This misreading was not of what the Japanese military government proposed to do in Asia, not of the hostility our embargo would excite, but of the incredibly high risks General Tojo would assume to accomplish his ends. No one in Washington realized that he and his regime regarded the conquest of Asia not as an accomplishment of an ambition but as the survival of the regime. It was a life-and-death matter to them. They were absolutely unwilling to continue in what they regarded as Japan’s precarious position surrounded by great and hostile powers—the United States, the Soviet Union, and a possibly revived and restored China.

Each of these diagnoses of our Russia malady — Putin’s misguided ambition versus Russia’s existential fear of Western encirclement — points in a contrasting policy direction. The classic prescription for dealing with an offensive-minded foe is to confront it with overwhelming counter-pressure while avoiding Munich-style appeasement. But just as with Japan in the period leading to World War II, such an approach fuels risk-taking when dealing with a state that feels increasingly cornered and desperate, and it can be particularly dangerous when that state has nuclear weapons. 

The problem is that Russia fits both these descriptions. To a significant degree, Putin’s bellicosity reflects the rise of Russian nationalists, whose influence has been growing not only in the military and security services but also in grassroots society. Aggrieved and combative, they are pressing the Kremlin to regather traditional Russian lands, including Belarus and parts of Ukraine. They have long viewed Putin as too eager to make deals with the West and too hesitant to defend compatriots abroad.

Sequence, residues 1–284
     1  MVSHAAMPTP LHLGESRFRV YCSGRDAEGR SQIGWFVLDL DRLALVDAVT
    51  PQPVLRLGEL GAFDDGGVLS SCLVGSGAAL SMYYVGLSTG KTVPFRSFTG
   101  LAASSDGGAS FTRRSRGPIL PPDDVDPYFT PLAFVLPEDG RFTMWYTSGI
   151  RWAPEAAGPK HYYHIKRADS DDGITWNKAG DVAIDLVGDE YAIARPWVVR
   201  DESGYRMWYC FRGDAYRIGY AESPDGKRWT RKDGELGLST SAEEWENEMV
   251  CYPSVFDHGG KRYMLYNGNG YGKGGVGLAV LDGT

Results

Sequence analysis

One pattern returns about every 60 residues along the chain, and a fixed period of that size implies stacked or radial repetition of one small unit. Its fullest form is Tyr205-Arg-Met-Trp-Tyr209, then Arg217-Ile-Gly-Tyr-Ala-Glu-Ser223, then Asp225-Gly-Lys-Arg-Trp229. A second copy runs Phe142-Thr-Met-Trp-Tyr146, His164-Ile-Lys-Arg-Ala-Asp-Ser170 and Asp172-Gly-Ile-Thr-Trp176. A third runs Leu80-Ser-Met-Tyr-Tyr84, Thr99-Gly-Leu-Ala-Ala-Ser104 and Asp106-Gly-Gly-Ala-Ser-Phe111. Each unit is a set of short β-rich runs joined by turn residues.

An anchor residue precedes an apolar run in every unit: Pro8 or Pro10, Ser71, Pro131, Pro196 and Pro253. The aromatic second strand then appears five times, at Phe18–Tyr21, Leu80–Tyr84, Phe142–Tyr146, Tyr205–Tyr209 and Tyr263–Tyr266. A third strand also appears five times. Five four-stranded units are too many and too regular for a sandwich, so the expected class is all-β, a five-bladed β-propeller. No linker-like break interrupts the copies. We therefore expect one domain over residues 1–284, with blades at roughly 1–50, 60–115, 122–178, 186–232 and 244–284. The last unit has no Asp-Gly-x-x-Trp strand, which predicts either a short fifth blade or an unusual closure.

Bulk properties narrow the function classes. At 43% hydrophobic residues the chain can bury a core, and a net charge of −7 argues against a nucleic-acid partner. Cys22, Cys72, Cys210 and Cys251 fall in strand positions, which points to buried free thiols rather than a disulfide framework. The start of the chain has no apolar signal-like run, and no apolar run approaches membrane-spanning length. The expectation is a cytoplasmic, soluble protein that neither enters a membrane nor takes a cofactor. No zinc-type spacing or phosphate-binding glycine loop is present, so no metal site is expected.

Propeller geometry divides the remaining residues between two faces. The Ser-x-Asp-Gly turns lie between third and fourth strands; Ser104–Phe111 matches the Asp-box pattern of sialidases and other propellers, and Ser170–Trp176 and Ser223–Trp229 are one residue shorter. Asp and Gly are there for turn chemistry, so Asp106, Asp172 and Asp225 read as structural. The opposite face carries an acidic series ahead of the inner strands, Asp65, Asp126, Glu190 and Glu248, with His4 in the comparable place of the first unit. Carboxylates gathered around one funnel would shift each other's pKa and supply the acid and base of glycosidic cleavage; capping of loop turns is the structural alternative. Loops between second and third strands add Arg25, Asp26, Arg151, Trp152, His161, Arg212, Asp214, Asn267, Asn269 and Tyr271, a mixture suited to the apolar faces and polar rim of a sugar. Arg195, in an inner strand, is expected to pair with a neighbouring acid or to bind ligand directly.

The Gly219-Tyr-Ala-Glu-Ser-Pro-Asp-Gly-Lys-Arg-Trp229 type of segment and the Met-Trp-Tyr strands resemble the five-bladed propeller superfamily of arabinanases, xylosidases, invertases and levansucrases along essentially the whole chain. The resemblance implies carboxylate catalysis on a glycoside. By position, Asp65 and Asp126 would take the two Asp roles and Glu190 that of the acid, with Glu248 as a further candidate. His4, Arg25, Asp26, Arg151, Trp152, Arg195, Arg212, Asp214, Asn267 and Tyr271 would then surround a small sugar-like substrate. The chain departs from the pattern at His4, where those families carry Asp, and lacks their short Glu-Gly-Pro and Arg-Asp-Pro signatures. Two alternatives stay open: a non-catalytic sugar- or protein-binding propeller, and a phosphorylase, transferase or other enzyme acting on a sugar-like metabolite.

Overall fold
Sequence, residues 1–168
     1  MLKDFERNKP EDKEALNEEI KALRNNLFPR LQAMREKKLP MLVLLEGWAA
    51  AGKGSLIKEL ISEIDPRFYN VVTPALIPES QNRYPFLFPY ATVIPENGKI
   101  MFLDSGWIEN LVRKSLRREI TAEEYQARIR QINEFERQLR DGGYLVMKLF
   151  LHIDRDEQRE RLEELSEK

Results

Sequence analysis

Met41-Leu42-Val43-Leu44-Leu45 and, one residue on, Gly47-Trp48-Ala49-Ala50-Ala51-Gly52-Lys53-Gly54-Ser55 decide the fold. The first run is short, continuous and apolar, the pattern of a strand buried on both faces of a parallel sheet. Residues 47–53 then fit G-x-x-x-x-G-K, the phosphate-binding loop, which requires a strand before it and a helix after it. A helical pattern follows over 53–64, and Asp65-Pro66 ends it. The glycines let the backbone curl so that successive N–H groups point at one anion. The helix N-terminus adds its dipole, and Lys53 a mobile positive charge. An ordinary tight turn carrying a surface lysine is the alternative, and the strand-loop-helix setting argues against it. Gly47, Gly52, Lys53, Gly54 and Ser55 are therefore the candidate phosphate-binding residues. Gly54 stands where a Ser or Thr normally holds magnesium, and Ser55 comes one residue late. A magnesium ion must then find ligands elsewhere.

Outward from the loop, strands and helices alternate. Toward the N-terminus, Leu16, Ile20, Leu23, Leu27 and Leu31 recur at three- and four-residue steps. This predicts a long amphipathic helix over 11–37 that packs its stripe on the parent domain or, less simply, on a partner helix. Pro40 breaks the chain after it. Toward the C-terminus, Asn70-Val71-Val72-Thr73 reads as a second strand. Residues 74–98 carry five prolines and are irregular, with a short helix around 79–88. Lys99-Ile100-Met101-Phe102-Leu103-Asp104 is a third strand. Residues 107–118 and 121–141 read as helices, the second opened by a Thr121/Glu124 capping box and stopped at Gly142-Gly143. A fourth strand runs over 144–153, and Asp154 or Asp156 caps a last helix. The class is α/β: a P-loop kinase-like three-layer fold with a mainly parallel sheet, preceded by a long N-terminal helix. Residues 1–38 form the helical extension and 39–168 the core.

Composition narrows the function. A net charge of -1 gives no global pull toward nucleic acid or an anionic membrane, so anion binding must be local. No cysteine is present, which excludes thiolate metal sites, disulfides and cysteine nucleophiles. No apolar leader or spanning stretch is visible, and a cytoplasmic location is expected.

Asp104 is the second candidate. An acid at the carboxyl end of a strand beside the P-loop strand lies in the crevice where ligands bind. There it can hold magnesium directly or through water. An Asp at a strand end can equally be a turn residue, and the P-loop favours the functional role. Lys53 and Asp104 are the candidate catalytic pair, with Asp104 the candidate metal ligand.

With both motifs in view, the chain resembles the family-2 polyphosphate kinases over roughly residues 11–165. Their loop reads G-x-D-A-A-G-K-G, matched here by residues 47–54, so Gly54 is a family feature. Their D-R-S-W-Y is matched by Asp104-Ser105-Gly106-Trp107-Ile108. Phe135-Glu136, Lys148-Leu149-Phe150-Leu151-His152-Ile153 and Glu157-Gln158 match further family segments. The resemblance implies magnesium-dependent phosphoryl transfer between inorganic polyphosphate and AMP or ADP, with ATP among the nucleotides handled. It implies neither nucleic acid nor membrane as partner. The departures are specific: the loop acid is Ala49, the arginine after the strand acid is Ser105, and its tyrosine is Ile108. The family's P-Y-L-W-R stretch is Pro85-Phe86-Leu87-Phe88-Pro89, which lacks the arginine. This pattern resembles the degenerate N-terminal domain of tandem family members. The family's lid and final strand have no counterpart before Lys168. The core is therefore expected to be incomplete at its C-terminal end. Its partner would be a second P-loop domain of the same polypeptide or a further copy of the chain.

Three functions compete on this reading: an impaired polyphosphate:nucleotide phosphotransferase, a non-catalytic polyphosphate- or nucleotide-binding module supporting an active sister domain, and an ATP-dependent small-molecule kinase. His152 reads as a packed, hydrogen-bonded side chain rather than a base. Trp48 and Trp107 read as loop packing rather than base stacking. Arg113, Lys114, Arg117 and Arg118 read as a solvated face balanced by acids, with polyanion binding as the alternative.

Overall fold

But paradoxically, these aspirations are also rooted in a sense of vulnerability and weakness. Russia’s vast open plains and long history of foreign invasions have prompted its leaders for centuries to seek safety by putting geographic distance between its heartland and potential invaders. They see Russia’s greatness as a vital source of security, not just prestige. Many are convinced the West is intent on Russia’s demise rather than its democratic revival, and they are far from complacent about the stability of their present federation.  

Managing this peculiar mix of ambition and fear poses a formidable challenge. It requires a delicate balance between pushing back against Russian belligerence – as we have been doing quite effectively in Ukraine – and engaging diplomatically to prevent a descent toward a direct conflict – which we have largely neglected. The resolution of the Cuban missile crisis, which involved both an American ultimatum threatening a military attack and a parallel offer to trade the removal of Soviet missiles from Cuba for the removal of American missiles from Italy and Turkey, provides an example of how that balance can work.

Musk has done much to help Ukraine defend itself against Russia’s invasion. Now he is doing Ukraine, the United States, and the world a service in highlighting the need for a diplomatic track to accompany the military pushback we have employed so far against Russia in Ukraine. Confronting Putin with a choice between humiliation and nuclear escalation is a formula for disaster.  

Tesla Motors CEO Elon Musk. (REUTERS/Stephen Lam/File Photo)